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    Works : 115
    Join date : 2012-08-18


    Post by Revealer on August 21st 2012, 6:28 am


    Poster for Pears soap, 1900, A. & F. Pears Ltd. V&A Museum no. E.1064-1919
    Andrew Pears, the son of a farmer, was born in around 1770 and moved from his native Mevagissey in Cornwall to London in about 1787 to train as a barber. He completed his apprenticeship in 1789 and established a barber's shop in Gerrard Street in Soho and began to produce cosmetic products. At that time Soho was a wealthy residential area, and Pears' clientele included many wealthy socialites who took great pride in their appearance. The fashion amongst the wealthy of the period was for pristine white complexions; tanned faces were associated with those who laboured out of doors. Pears found that his powders and creams were frequently being used to cover up damage caused by the harshness of the soaps and other beauty products (many of which contained arsenic or lead) that were in general use at the time. Pears began to experiment with soap purification and eventually managed to produce a gentle soap based on glycerine and other natural products. The clarity of the soap gave it a novel transparent appearance which provided a marketing advantage. To add to the appeal, Pears gave the soap an aroma reminiscent of an English garden.

    In 1835, his grandson Francis Pears joined the business and created the company A. & F. Pears Ltd. In 1838 Andrew Pears retired, leaving Francis in charge of the company. In 1851 the company was awarded the prize medal for soap at The Great Exhibition.
    Francis' son-in-law Thomas J. Barratt, sometimes referred to as the father of modern advertising, eventually managed the firm.

    In 1862, production of the soap moved to Isleworth, and three years later Francis' son, Andrew, joined A. & F. Pears Ltd. as joint proprietor and ran the factory, whilst Thomas ran the head office in London.

    In the mid 1910s, A. & F. Pears Ltd. became part of Lever Brothers and moved production to Port Sunlight in north west England.

    Pears soap is now made in India by Hindustan Unilever a company in which Unilever controls a fifty-two percent stake.


    Advertisement for Pears soap from the 1890s promoting cleanliness as a justification for racist imperialism[1]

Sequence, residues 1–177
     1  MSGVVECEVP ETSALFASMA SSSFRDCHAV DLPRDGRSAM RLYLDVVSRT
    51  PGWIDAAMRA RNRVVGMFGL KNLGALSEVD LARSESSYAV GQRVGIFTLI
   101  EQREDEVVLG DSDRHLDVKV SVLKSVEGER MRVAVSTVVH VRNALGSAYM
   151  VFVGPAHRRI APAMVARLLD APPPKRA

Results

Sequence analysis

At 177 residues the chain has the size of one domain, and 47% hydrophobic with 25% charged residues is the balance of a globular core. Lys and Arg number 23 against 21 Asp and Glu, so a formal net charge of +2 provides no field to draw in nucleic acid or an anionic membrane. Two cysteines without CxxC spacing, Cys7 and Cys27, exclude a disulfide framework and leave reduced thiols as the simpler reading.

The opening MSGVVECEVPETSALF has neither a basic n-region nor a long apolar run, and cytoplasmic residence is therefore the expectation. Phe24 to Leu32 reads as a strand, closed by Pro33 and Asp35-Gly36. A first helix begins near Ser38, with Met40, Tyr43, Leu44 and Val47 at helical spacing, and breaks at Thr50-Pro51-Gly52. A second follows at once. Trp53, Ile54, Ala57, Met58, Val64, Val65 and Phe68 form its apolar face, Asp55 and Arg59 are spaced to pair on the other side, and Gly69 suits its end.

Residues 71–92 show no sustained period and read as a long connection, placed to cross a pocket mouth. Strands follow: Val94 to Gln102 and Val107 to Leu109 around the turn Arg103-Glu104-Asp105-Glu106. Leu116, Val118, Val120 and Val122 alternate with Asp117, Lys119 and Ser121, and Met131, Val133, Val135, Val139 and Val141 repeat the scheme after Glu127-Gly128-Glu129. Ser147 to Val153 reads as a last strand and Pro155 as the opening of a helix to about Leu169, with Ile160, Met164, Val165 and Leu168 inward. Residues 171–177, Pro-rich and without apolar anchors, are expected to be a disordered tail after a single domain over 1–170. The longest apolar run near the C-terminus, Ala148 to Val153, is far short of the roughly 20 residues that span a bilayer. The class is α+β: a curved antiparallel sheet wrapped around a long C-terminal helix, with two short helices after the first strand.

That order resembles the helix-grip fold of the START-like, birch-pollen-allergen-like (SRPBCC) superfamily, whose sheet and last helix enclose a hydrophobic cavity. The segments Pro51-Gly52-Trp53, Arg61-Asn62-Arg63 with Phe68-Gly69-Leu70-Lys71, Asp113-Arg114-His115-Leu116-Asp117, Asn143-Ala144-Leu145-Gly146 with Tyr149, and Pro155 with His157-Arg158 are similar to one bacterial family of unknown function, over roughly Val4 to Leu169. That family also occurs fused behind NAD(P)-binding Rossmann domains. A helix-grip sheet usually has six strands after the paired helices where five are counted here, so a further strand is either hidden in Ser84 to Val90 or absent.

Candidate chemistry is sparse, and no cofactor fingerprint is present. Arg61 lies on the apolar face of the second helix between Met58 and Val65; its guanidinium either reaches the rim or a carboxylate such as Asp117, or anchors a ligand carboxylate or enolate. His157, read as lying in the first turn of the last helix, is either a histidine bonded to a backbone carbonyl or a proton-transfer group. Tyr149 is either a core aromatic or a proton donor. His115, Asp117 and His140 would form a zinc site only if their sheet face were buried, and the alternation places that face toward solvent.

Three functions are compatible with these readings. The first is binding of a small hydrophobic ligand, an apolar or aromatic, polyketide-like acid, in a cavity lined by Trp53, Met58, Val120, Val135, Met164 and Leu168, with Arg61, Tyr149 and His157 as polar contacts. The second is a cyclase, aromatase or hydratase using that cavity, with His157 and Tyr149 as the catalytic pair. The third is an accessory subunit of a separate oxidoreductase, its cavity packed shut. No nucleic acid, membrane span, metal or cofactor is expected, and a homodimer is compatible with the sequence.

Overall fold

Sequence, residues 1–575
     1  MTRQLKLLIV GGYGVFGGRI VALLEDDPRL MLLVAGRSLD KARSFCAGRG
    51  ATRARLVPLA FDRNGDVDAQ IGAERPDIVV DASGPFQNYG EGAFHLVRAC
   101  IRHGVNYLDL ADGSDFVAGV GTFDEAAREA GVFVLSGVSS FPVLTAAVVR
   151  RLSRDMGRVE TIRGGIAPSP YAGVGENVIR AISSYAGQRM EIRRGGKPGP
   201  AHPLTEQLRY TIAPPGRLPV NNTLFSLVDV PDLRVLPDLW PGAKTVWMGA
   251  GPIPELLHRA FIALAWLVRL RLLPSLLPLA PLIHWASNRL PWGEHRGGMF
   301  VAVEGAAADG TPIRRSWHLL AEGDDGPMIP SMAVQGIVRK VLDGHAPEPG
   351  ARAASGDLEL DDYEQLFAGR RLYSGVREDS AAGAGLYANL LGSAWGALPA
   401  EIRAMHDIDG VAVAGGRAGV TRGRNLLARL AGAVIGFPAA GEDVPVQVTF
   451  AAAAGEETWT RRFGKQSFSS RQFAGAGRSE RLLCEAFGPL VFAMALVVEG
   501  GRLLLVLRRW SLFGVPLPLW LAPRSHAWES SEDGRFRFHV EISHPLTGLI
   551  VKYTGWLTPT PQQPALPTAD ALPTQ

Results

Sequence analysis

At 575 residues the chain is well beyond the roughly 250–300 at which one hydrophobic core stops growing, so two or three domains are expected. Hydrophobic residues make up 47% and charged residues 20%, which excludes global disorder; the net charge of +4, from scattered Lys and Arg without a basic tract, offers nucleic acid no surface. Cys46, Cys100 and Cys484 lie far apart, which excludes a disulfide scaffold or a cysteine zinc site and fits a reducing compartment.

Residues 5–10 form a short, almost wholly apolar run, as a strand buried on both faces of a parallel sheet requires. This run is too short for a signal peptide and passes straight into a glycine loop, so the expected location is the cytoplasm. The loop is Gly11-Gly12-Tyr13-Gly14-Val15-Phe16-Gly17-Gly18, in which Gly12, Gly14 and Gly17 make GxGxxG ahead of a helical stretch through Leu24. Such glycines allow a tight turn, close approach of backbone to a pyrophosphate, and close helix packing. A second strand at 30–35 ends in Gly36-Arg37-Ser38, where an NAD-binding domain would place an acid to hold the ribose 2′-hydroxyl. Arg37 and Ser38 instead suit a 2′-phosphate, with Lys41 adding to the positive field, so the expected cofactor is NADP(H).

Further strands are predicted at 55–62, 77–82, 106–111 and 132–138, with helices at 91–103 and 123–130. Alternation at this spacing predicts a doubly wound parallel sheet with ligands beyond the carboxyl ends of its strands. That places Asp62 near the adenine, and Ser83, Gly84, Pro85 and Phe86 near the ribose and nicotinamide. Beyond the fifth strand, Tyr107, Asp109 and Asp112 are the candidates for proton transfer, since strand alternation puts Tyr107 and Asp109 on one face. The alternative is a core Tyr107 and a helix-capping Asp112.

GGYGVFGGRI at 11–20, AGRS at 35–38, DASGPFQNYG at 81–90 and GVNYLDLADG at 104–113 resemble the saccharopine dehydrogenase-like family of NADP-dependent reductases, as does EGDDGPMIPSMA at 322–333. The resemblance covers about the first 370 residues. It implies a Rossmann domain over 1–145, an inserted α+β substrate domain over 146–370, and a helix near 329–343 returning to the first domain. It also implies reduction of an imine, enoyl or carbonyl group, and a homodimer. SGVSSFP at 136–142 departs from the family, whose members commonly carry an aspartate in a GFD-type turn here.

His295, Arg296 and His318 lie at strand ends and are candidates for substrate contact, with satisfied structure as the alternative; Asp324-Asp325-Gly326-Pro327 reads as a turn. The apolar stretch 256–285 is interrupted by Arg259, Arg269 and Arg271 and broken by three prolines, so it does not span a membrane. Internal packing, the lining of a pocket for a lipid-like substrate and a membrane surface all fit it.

Pears soap was made using a process entirely different to that for other soaps. A mixture of tallow and other fats was saponified by caustic potash (potassium hydroxide) in industrial methylated spirits. After saponification was completed the resulting glycerol was left in the batch. Batches were made not in huge pans, but in small kettle-like vessels and as soon as the translucent amber liquid had cooled enough to solidify it was extruded into opaque oval bars that were cut into bath- or toilet weight tablets ready for beginning their long drying spell in the drying rooms (ovens). The hot liquid soap fresh from the vessel had a total fatty matter (TFM) of 45% compared with the TFMs of 70-80% usual in soaps made by the conventional method. The TFM increased considerably as the alcohol content fell during drying.

    The entire Pears plant was a small almost self-contained annexe situated at the rear of the administration block. The plant was run by a handful of staff who not only had experience of the specialised process, but had developed immunity to the effects of breathing the alcohol-laden atmosphere in the plant building.

    The concave shape of the soap is formed by shrinkage while the soap is drying, and is not due to deliberate moulding.

    Bars of soap produced in the factory come in two sizes: 75 g and 125 g. Nowadays this soap comes in three colours - the classic amber, the green, and mint (blue color). Each variety has a unique aroma. The soap now comes in two new sizes: 69 g and 119 g.

    Recent changes to quality of ingredients used in the manufacturing process (see "Changes to the Formula" below) have resulted in a noticeably different shape (flatter rather than concave) and difference in scent with the classic transparent amber bar. The aroma, which used to be a characteristically mild, spicy fragrance, is now a very strong. In the UK the same has been noticed in 2009 with a scent almost like coal tar and with a reduction in the moisturizing properties, and in a differently shaped bar.


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